Allopolyploidization is a common mode of speciation in ferns with many taxa having formed recurrently from distinct hybridization events between the same parent species. Each hybridization event marks the union of divergent parental gene copies, or homeologs, and the formation of an independently derived lineage. Little is known about the effects of recurrent origins on the genomic composition and phenotypic variation of allopolyploid fern taxa. To begin to address this knowledge gap, we investigated gene expression patterns in two naturally formed, independently derived lineages of the allotetraploid fern Polypodium hesperium relative to its diploid progenitor species, Polypodium amorphum and Polypodium glycyrrhiza. Using RNA-sequencing to survey total gene expression levels for 19194 genes and homeolog-specific expression for 1073 genes, we found that, in general, gene expression in both lineages of P. hesperium was biased toward P. amorphum—both by mirroring expression levels of P. amorphum and preferentially expressing homeologs derived from P. amorphum. However, we recovered substantial expression variation between the two lineages at the level of individual genes and among individual specimens. Our results align with similar transcriptome profile studies of angiosperms, suggesting that expression in many allopolyploid plants reflects the dominance of a specific parental subgenome, but that recurrent origins impart substantial expression, or phenotypic, variation to allopolyploid taxa.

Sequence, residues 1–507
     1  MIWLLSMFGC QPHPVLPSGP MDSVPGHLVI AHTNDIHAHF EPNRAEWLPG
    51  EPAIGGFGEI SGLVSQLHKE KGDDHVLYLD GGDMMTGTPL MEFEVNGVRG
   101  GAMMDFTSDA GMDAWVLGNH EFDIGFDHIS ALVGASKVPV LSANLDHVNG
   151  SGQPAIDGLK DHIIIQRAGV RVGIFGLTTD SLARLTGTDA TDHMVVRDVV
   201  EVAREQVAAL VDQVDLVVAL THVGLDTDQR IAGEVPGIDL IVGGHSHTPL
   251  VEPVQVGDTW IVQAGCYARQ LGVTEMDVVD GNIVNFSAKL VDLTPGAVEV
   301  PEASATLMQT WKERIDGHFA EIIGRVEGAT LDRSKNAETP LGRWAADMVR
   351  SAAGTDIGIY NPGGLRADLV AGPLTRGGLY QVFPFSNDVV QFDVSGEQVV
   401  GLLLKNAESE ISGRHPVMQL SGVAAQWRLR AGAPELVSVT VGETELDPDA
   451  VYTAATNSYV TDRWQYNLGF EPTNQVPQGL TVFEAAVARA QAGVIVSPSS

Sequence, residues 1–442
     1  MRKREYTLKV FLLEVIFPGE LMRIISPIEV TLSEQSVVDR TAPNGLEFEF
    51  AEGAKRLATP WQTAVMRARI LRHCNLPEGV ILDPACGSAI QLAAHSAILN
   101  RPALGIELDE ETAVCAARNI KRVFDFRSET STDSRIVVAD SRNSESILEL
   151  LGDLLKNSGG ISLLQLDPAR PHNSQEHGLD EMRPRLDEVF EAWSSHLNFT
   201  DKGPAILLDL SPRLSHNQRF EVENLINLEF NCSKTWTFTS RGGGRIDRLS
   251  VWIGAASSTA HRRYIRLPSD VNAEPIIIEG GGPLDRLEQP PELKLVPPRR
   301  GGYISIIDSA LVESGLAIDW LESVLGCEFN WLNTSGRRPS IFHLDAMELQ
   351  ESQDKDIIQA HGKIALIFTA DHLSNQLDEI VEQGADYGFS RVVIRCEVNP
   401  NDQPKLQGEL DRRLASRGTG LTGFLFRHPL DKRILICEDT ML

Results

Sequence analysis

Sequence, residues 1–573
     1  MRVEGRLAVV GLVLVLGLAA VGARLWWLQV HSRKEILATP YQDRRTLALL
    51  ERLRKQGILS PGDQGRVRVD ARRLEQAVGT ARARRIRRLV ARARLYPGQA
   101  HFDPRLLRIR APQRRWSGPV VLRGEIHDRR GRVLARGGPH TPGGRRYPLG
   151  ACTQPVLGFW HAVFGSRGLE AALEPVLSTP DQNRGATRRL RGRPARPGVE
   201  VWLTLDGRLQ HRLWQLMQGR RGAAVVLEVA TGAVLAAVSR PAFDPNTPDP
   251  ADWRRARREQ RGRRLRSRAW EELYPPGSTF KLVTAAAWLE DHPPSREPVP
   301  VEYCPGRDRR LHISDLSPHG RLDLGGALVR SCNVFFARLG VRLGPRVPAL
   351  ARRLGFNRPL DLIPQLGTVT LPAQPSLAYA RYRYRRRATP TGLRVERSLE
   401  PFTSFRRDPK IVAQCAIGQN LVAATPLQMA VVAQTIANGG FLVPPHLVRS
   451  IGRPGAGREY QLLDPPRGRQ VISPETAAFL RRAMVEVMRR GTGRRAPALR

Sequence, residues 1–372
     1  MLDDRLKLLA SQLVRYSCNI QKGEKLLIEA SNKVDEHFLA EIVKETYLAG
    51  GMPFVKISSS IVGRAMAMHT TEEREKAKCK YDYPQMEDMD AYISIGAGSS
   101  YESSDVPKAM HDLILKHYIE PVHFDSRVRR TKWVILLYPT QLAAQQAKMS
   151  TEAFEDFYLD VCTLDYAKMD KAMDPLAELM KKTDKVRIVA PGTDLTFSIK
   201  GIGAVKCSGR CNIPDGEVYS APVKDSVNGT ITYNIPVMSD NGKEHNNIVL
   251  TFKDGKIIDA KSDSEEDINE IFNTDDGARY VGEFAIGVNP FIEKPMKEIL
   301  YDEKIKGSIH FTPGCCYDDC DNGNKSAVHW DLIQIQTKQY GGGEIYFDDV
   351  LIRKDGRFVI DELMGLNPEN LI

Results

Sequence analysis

You have requested a machine translation of selected content from our databases. This functionality is provided solely for your convenience and is in no way intended to replace human translation. Neither BioOne nor the owners and publishers of the content make, and they explicitly disclaim, any express or implied representations or warranties of any kind, including, without limitation, representations and warranties as to the functionality of the translation feature or the accuracy or completeness of the translations.
Translations are not retained in our system. Your use of this feature and the translations is subject to all use restrictions contained in the Terms and Conditions of Use of the BioOne website.
Vol. 109 • No. 3